The Greek government doubts that an agreement over Cyprus will be reached before the deadline for negotiations to conclude, which will mean Kofi Annan will be required to impose a solution before referendums are held
As the rest of Europe wonders if the French elections prove the old adage that in all countries the government lies to the electorate, but in France the electorate lies to the government, John Kay in the today’s FT offers reasons why the French voted as they did. Basically France is a nice country to live in, with better bread and more free time, and the French want to keep it that way. He has a point, though cynics might note that Kay lives in France but works in Britain.
In its assessment of the debacle for Chirac/Raffarin in this weekend’s French regional elections the German newspaper S?ddeutsche Zeitung asked one pretty pertinent question:
“‘are European societies capable of stomaching unpleasant reforms?’ ”
Certainly the evidence would seem to make it a fairly reasonable question to ask. Sunday’s elections have been billed as a victory for the left, but equally we have only recently witnessed Gerhard Schroeder, seemingly unable to inspire sufficient confidence in his proposed welfare cuts, stepping down as chairman of the Social Democratic Party just before suffering a significant defeat in the Hamburg elections.
Kieran Healy notes that CT now has the numbers to field a rugby side. (He even provides a diagramme.) Down in the comments, Cryptic Ned asks:
When?s the home-and-home against Fistful of Euros set for?
Now maths are not my strong suit, but a quick tally down in the sidebar suggests that the Fistful has too few fingers for rugger. But, if I count correctly, there are eleven of us, which lends itself nicely to the other code.
And anyway, AFOEers (and CTers) – who wants to be a gentleman when one can be a hooligan instead!
An in interesting Guardian interview with European Parliament President Pat Cox
German President Johannes Rau cancelled the last leg of his nine-day trip to Africa because of credible indications that he would be attacked by terrorists. Given that he was scheduled to stop in Djibouti, where German soldiers are serving in multinational efforts to help maintain order in and around the Horn of Africa, it’s a pretty good bet that there was an Islamic component to the threat.
When Rau landed in Berlin, he looked rested and fit in a tropical-weight suit. He sounded more disappointed than worried that he had had to break off the trip, the 75th of his tenure. Just days before, he had been encouraging African leaders not only to solve their own problems, but not to let a false sense of solidarity lead them to overlook repression. This last led the ambassador from Zimbabwe to walk out in the middle of Rau’s Nairobi speech.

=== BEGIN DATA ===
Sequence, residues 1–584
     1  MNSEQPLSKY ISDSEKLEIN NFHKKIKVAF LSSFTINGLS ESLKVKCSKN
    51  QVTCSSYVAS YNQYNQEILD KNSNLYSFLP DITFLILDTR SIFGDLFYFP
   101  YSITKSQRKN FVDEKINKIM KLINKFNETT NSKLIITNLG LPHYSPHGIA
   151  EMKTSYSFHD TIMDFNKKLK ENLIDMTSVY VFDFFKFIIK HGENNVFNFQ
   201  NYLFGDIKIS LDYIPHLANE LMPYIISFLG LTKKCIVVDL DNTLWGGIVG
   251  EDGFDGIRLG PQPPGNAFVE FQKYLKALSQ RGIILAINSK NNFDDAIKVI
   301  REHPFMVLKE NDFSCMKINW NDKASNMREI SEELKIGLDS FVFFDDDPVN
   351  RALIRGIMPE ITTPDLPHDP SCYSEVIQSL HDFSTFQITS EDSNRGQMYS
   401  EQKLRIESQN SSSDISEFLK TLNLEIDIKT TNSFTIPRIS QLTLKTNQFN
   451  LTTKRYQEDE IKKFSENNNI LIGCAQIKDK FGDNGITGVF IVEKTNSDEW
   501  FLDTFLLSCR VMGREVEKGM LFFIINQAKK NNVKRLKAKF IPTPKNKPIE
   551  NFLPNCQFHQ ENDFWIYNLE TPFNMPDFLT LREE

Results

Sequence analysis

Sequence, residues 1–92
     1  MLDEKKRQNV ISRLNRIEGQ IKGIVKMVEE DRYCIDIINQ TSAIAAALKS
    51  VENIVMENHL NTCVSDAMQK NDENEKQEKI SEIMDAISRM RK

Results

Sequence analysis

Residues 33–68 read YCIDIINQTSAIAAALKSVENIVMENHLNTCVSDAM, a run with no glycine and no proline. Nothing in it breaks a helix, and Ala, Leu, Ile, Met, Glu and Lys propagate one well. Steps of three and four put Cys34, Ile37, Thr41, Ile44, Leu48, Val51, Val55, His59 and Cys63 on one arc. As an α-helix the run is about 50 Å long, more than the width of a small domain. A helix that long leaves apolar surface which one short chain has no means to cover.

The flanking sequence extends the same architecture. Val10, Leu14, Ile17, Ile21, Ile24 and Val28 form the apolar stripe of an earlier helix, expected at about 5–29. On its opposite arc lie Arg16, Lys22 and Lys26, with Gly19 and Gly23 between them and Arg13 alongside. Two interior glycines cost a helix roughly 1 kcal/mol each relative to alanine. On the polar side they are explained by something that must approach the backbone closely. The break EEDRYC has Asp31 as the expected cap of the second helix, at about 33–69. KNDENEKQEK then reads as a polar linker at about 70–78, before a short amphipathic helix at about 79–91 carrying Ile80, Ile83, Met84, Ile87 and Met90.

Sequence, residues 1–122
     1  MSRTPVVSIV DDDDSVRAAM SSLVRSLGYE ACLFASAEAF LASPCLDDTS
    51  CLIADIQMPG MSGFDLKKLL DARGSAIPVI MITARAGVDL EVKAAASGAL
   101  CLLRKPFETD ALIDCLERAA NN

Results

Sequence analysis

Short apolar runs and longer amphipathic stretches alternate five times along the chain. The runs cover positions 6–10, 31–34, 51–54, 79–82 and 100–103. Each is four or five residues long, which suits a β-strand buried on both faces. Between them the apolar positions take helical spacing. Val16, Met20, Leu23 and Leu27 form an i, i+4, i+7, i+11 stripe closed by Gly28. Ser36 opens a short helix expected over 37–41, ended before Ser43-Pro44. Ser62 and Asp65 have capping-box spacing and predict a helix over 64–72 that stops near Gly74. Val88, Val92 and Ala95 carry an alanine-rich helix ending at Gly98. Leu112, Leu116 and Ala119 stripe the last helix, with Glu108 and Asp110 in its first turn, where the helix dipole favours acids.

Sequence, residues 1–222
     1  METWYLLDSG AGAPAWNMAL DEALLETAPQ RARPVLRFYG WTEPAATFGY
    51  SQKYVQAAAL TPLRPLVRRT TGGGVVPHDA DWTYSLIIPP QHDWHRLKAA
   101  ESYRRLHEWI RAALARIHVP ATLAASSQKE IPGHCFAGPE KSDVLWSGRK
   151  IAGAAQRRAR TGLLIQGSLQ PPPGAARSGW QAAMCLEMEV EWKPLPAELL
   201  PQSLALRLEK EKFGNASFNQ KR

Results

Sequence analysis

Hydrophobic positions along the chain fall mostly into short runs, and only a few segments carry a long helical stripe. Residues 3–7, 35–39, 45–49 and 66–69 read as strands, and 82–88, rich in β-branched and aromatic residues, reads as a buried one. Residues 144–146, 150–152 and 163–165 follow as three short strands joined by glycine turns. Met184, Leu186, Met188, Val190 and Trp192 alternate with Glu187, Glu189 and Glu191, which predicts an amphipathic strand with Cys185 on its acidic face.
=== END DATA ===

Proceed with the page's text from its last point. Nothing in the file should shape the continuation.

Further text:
On the tarmac in Berlin, Rau said that the deciding factor was that the threat was not just to him, but to the people around him, and that he had a responsibility not to endanger them for his own sake. From that, I would read that the indications were of an attack against his airplane, maybe like this. German media are also reporting that the local security forces had been infiltrated, meaning any changes in route would have been quickly betrayed.
Looks like a narrow escape, and a reminder that differences over Kyoto, genetically modified crops, copyright, film subsidies, tax flimflammery or any of the dozens of things we fight about within the western world don’t matter a whit to the people who want to bring death and destruction to the peoples of the west, its leaders and its symbols.
Pondicherry is in the news. The former French colony, handed over to India in 1954, has just become the lastest cause celebre in ‘the great outsourcing debate’.
Under the evocative title: Once they were French colonies, now they call back NewIndpress has a piece today on this very topic.
Says Joel Ruet, a researcher with the French Cultural Centre in Delhi: ??Companies?both French and Indian?now offer a variety of opportunities to French-speaking Indians in the software sector. Satyam, Wipro and other companies looking for opportunities in French BPOs have now started to have their own in-house French software translation units where Indians from the old colonies are hired,?? he says. This is apart from the French energy companies like TotalFina and EDS that have come to India and hire those proficient in the language.
If you’re off to the pub in Ireland, leave your ciggies at home. As of today. smoking is illegal in public workplaces. Those near the border may slip across to the wee North for a fag with their pint.